New York cheesecake

baked cheesecake

I’ve been using a Mary Berry recipe for baked vanilla cheesecake for years and I’ve always been perfectly happy with it. Last week though I decided on a whim to try Nigella’s New York version instead and my goodness it was so much better. The texture was smooth and creamy, it was not too sweet AND there were no cracks (probably due to the addition of cornflour).

In true Nigella style this is an expensive cheesecake to make (£11.46 based on my Tesco shop using branded items such as McVities and Philadelphia) but it’s huge and therefore ideal if you’re catering for a lot of people.

Nigella Lawson’s New York cheesecake
(from Nigel Slater’s ‘Real Food’)

Serves 12 generously

For the base

  • 250g of digestive biscuits, crushed to fine crumbs with a rolling pin or in a food processor (89p)
  • 150g of butter, melted (53p)
  • 3 tablespoons of caster sugar (5p)

For the filling

  • 2 tablespoons of cornflour (7p)
  • 225g of caster sugar (28p)
  • 750g of full fat soft cream cheese (£6.40)
  • 6 eggs, serparated (£1.25)
  • 2 teaspoons of vanilla extract (47p)
  • 150ml of double cream (60p)
  • 150ml of sour cream (60p)
  • ½ teaspoon of salt (2p)
  • The grated zest of 1 lemon (30p)

Butter the bottom and sides of a 24cm round, springform cake tin.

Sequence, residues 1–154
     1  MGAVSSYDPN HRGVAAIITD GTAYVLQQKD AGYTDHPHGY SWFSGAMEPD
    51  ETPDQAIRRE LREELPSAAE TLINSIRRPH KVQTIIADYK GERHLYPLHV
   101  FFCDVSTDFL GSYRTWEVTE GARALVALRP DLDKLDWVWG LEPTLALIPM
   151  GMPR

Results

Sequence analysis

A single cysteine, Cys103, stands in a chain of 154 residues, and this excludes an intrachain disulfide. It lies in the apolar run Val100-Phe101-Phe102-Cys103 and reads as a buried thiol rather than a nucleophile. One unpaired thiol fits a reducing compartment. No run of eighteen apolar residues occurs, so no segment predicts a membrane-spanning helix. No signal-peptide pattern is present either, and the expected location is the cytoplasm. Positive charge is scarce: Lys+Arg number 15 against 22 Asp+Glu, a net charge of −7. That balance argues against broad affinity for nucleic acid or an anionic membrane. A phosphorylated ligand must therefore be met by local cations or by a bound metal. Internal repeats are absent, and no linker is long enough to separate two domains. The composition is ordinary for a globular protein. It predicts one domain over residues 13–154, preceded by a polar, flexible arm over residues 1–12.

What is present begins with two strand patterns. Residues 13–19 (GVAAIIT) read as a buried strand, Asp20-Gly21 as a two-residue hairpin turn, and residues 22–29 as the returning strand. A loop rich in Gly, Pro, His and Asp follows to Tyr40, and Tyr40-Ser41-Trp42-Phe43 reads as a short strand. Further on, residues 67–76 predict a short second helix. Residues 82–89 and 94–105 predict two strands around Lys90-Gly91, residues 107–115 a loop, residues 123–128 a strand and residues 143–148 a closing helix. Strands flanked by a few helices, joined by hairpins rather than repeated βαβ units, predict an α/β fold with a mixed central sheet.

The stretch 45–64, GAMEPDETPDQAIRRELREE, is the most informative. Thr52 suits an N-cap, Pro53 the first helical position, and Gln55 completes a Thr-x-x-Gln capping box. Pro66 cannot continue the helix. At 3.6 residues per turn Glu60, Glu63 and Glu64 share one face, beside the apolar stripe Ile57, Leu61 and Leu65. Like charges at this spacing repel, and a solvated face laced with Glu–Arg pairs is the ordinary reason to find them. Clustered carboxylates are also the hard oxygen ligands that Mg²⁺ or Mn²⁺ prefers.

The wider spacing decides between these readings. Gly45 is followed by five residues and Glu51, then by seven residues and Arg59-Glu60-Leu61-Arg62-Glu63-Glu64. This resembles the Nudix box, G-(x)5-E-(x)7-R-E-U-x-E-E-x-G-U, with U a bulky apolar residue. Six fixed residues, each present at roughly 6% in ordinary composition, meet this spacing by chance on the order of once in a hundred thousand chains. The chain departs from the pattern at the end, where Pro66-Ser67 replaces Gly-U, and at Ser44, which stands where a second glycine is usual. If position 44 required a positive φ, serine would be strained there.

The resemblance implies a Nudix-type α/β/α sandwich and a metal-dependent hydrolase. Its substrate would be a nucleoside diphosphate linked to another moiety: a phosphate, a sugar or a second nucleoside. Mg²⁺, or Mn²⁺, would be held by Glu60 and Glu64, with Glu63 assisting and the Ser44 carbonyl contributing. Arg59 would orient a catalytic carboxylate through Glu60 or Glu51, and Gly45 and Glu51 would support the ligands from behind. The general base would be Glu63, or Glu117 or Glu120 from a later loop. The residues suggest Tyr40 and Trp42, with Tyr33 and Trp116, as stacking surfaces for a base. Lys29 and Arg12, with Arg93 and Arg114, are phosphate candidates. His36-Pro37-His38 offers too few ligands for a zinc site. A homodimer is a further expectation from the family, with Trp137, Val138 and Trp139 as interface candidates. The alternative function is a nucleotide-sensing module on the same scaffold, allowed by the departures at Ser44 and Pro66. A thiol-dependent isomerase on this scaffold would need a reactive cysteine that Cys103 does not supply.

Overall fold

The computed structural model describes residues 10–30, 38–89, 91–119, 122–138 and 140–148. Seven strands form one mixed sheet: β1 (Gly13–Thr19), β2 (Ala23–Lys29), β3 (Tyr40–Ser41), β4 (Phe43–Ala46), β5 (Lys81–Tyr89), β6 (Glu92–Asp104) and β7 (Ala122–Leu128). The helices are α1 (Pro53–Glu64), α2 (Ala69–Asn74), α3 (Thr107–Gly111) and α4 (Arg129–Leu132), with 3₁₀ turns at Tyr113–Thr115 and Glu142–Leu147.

For the base, mix together the butter, sugar and biscuit crumbs and press firmly into the bottom of the tin. Chill for one hour.

For the filling, start by setting your oven to 170oC.

Mix together the sugar and cornflour. Beat in the cream cheese, egg yolks and vanilla extract by hand or with an electric mixer. Then slowly pour both the creams in, add the salt and lemon zest and beat some more.

In a separate bowl whisk the egg whites until stiff and then fold carefully into the cheese mixture using a metal spoon. Tip into the chilled base and bake for one hour and fifteen minutes (the recipe said for between one hour and one and a half hours so I went with the middle ground).

Turn off the heat (don’t open the door) and let the cake stand in the oven for two more hours.

Then open the door and let it stand for another hour.

Chill in the fridge and serve cold.

You can dust the top with icing sugar before serving if you like.

NOTE: This is lovely eaten just as it is but I served mine with a cheat’s raspberry coulis (basically a tin of raspberries in syrup whizzed up until smooth). I think it would also taste nice with any other fruit coulis, or a caramel or chocolate sauce.

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